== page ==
Bacterial meningitis suspected in death of St. Helens student
A St. Helens High School student died earlier today and doctors suspect bacterial meningitis may have been the cause of death.
Further tests are required to confirm the cause of death. Those test results should be released later this week, according to a press release from Columbia County.
Bacterial meningitis spreads from close personal contact "when there is direct contact with mucus from an infected person's nose or throat," the press release explained.
Most people recover from meningitis, but it can cause permanent brain damage or death in just a few hours, according to the federal Centers for Disease Control and Prevention.
The infection can be spread by carriers who never exhibit symptoms.
Columbia County Public Health is investigating who may have come into contact with the student. Individuals who had close contact with the deceased student will receive preventative antibiotics.
Treatment is often effective, particularly when administered quickly after symptoms first appear.
Sudden symptoms of meningitis include fever, headache and stiff neck. Other symptoms can include nausea, vomiting, light sensitivity, skin rashes, confusion or irritability.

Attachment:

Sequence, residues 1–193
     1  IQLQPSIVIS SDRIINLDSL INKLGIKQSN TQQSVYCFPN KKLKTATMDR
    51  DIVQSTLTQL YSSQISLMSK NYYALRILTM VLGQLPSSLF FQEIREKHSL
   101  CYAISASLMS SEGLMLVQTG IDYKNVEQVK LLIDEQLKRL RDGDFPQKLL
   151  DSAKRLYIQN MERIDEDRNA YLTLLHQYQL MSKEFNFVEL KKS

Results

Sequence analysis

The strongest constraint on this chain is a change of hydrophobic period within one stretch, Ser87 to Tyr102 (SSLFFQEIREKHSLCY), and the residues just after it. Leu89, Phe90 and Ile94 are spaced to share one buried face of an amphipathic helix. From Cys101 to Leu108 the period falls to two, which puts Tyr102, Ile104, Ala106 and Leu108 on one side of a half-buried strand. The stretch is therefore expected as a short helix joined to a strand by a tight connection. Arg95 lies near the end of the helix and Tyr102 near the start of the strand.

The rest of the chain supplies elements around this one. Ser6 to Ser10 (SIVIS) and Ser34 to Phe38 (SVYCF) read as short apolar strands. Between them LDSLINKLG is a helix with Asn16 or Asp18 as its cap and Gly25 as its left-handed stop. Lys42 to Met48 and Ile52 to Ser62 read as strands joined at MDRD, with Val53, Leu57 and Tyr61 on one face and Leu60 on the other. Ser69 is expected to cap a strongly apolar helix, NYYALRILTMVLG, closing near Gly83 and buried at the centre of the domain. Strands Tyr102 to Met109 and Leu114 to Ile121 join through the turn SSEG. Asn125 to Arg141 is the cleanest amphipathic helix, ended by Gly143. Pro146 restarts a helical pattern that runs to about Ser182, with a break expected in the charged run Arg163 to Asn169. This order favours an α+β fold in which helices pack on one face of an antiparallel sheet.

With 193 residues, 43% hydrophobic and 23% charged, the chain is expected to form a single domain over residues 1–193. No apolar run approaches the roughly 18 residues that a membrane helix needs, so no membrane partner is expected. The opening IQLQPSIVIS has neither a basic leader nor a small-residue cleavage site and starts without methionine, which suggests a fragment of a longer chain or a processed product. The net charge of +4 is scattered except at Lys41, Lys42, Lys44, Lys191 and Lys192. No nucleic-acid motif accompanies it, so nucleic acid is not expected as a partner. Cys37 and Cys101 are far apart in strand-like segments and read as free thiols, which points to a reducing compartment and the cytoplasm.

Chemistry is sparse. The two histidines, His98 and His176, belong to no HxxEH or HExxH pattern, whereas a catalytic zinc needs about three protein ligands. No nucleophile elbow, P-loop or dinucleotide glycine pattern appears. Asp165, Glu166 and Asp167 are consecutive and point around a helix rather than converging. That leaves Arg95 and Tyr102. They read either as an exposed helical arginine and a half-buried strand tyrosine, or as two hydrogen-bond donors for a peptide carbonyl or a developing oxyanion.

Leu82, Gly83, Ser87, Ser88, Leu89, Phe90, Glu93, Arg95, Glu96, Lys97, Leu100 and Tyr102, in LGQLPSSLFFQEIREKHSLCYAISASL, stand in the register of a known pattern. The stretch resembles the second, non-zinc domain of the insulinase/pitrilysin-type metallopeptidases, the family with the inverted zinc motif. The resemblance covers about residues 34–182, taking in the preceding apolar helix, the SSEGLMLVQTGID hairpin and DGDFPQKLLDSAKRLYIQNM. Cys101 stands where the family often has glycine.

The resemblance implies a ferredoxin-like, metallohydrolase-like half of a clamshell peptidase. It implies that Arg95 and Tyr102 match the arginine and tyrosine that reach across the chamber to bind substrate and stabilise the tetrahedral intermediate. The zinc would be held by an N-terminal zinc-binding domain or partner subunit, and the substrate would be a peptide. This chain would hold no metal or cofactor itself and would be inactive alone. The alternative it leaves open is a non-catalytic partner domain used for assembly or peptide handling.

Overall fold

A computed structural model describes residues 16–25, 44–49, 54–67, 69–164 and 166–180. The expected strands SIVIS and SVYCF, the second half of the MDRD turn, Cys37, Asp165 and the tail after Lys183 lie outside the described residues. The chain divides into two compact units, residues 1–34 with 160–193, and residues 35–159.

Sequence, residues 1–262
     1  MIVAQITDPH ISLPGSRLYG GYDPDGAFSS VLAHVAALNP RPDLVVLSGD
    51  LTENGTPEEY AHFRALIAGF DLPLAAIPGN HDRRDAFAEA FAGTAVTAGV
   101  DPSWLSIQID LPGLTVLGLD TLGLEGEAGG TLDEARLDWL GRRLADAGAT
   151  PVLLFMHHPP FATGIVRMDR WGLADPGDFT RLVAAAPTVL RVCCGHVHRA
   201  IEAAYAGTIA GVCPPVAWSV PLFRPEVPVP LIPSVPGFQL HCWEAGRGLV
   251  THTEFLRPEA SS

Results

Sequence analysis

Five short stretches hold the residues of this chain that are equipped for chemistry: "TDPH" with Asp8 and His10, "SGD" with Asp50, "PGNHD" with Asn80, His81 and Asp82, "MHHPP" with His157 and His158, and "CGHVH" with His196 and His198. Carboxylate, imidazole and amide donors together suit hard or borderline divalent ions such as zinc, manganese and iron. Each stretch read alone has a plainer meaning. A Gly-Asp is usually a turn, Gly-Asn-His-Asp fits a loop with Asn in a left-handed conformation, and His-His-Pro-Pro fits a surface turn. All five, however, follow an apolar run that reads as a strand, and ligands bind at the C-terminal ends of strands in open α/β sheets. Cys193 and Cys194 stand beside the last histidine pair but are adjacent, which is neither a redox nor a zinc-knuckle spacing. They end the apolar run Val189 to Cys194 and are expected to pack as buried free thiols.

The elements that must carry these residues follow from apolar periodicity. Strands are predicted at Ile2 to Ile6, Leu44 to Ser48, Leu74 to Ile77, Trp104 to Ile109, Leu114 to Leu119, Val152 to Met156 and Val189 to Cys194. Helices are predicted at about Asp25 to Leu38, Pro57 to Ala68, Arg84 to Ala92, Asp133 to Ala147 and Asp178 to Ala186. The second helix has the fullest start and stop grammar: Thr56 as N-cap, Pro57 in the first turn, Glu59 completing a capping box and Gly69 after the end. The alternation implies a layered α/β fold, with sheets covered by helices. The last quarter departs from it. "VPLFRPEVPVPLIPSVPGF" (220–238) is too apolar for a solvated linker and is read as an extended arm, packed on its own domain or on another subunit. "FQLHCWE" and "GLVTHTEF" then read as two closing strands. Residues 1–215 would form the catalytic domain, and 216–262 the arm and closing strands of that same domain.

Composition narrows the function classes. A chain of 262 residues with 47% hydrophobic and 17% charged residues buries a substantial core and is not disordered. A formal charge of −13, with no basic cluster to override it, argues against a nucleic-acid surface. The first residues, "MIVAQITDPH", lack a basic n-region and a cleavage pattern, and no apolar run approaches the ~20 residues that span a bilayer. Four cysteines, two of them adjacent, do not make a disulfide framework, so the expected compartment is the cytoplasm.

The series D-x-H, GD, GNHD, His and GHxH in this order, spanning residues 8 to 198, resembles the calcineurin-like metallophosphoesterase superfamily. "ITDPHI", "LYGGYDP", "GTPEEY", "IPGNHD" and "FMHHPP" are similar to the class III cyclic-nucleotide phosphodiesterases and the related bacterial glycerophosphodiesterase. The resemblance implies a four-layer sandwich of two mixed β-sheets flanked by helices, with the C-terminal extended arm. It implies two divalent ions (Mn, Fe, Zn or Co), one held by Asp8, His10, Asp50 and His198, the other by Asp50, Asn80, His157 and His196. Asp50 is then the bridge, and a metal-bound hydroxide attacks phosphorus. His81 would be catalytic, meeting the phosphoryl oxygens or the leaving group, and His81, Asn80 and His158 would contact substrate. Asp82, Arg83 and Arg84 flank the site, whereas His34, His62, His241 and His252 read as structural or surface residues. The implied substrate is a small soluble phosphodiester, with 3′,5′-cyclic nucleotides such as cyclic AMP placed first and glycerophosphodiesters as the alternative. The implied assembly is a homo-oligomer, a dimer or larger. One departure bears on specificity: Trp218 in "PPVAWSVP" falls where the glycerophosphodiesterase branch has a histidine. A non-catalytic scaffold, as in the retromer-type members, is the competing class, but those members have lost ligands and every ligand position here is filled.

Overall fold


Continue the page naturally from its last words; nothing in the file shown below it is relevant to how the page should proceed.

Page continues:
"Symptoms can appear two to 10 days after exposure, but usually occur within three to four days," the county stated.
There are multiple types of meningitis, which all cause inflammation of membrances around the brain and spinal cord.
Questions should be directed to Columbia County Public Health at 503-397-7247.
The 16-year-old student was a sophomore and member of the school's wrestling team, according to the county press release.
Quality local journalism takes time and money, which comes, in part, from paying readers. If you enjoy articles like this one, please consider supporting us.
(It costs just a few cents a day.)